Moody’s Analytics chief economist, Mark Zandi, has described the COVID-19 recession as an “economic tsunami” with no historical precedent. The coronavirus has caused a sudden stop in economic activity. The country has seen the first wave of impacts with job losses in key industries. Moody’s estimates that nationally 18 million jobs have been impacted, many in the leisure and hospitality and travel industries, both a significant part of Florida’s economy.
This is evident in the unprecedented number of unemployment claims filed by Floridians in the past few weeks. Figure 3 below shows weekly unemployment claims between December 2007, the official start of the Great Recession, and the last week for which data is available, March 28, 2020.
The more than 228,000 claims filed the week of March 28 far surpasses the peak of claims filed during the height of the Great Recession, which at that time had been the highest number of unemployment claims the state had seen in decades. The Economic Policy Institute (EPI) projects that 1.3 million jobs will be lost in Florida (17 percent of total private-sector employment), with a projected unemployment rate of 15.5 percent for July 2020. By comparison, Florida’s unemployment rate reached a high of 11.3 percent in January 2010.
EPI also indicates that the leisure, hospitality, and retail sector accounts for a third of private-sector employment in Florida. These low-paying jobs already had many of Florida’s workers in a precarious financial state, as wages were hardly enough to keep up with the state’s rising cost of living. United Way’s ALICE report shows that 46 percent of Florida’s families did not have enough income to meet basic needs. The prospect of long-term unemployment will be devastating for these families.
Moody’s also estimates a $10 trillion decrease in household stock wealth, half of which is owned by baby boomers. In a recent webinar, Zandi noted that 25 percent of the assets owned by people between the ages of 50 and 70 is in publicly traded stocks. As the value of these assets decrease, spending by this age group will constrict, which in itself will have a considerable impact on the national economy. In Florida, this age group constitutes over a quarter of the population (26 percent) – a loss of wealth and consumer spending among this group will have ripple effects throughout the state.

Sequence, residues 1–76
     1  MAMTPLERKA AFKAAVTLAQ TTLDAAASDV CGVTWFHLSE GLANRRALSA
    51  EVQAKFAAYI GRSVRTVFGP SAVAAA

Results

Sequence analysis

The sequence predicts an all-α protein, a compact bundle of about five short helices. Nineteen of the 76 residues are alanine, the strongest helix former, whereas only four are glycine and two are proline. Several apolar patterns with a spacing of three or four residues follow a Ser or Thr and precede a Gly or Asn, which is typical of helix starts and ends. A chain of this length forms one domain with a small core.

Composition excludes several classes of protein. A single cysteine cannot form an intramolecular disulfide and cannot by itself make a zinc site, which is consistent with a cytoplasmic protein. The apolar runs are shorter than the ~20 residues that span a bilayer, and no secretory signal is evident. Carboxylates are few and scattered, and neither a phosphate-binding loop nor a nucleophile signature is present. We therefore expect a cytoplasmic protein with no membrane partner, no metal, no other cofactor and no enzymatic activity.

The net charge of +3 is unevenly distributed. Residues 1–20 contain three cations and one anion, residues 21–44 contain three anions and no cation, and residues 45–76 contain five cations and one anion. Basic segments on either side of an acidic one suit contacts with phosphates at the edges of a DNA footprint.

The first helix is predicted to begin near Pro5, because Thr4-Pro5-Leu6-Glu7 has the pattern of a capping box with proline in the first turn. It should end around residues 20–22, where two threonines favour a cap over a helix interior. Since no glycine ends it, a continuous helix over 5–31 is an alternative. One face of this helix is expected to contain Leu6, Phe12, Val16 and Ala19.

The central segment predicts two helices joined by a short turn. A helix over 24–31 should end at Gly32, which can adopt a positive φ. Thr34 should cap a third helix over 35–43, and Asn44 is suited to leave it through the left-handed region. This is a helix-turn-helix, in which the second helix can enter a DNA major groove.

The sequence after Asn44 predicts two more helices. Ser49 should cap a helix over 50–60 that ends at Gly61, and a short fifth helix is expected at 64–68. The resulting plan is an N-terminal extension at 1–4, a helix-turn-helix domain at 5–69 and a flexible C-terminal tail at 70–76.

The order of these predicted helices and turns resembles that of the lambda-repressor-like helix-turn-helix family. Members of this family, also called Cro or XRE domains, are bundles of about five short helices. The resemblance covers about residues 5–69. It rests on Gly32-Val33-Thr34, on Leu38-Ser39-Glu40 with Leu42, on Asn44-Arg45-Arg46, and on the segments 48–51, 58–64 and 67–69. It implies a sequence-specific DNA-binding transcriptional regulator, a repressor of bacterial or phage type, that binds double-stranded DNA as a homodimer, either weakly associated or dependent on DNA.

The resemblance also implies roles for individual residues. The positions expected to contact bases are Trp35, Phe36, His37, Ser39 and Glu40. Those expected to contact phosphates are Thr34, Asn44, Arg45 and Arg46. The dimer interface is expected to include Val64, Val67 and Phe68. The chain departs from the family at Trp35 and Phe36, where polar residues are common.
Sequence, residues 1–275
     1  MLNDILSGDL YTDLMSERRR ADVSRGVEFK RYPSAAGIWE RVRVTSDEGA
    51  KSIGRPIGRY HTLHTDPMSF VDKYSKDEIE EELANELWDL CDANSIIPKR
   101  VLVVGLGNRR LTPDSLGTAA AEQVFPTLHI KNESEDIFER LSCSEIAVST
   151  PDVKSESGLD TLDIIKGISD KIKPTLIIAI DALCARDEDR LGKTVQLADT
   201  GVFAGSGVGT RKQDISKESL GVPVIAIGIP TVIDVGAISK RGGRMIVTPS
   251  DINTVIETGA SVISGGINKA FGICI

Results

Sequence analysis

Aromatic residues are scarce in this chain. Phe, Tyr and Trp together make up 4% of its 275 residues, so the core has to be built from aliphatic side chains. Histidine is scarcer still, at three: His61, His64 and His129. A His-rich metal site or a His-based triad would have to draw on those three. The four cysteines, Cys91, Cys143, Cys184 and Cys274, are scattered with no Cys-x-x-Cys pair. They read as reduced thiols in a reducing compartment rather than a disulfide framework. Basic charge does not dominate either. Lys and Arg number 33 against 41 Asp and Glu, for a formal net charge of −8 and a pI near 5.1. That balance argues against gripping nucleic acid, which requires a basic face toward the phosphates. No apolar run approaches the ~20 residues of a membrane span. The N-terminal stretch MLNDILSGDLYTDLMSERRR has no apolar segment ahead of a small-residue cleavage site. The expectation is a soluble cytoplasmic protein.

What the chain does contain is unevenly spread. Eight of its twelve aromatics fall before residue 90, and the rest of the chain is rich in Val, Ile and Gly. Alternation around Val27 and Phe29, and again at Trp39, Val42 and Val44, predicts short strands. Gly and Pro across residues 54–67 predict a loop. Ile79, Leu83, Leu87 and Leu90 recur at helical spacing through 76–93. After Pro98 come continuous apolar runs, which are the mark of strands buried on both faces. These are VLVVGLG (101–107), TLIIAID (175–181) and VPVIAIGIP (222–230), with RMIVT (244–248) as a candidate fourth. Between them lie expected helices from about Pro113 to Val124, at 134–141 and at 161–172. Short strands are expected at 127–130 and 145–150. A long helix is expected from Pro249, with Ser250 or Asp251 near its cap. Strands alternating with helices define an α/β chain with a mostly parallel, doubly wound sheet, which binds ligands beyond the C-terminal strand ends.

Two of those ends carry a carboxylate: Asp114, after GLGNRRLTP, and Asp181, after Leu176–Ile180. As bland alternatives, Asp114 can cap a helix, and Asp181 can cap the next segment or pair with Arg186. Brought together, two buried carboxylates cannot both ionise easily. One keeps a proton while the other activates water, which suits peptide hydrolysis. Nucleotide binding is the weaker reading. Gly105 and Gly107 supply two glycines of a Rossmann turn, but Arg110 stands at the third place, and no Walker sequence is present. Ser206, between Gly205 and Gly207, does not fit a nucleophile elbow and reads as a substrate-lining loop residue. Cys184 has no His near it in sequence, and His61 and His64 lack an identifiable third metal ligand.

The CARES Act provides much-needed resources to address urgent needs as states face uncertainty. But, unlike the state aid provided in the previous recession through the American Recovery and Reinvestment Act of 2009, funding in the CARES act is short-term. The CRF funds must be expended by December 30 of this year, the education funding covers just one academic year, and the individual refunds are a one-time payment. Florida’s workers, families, and communities will be living with the economic fallout from the coronavirus crisis for much longer.
During the Great Recession, state revenue losses occurred over multiple years, and the impacts were felt far beyond the official end date of the recession. In fact, Florida continues to be impacted by the Great Recession, as the state’s investment in public services remains below pre-recession levels. Even when the overarching economic indicators showed that Florida’s economy was on a rebound, there were still communities who were left out of the economic growth: workers in low-paying industries, communities of color, and Floridians with low income.
The indicators discussed above point to a recession unlike any other the nation has experienced. This calls not only for increased aid to meet Floridians’ needs during crisis, but also to reevaluate the Sunshine State’s values and priorities so that the economic foundation provides access to opportunity for all Floridians. While the CARES Act is a critical and needed intervention, it is only the beginning of what the state will need in order to stave off severe cuts to programs and services and make proactive investments in the future.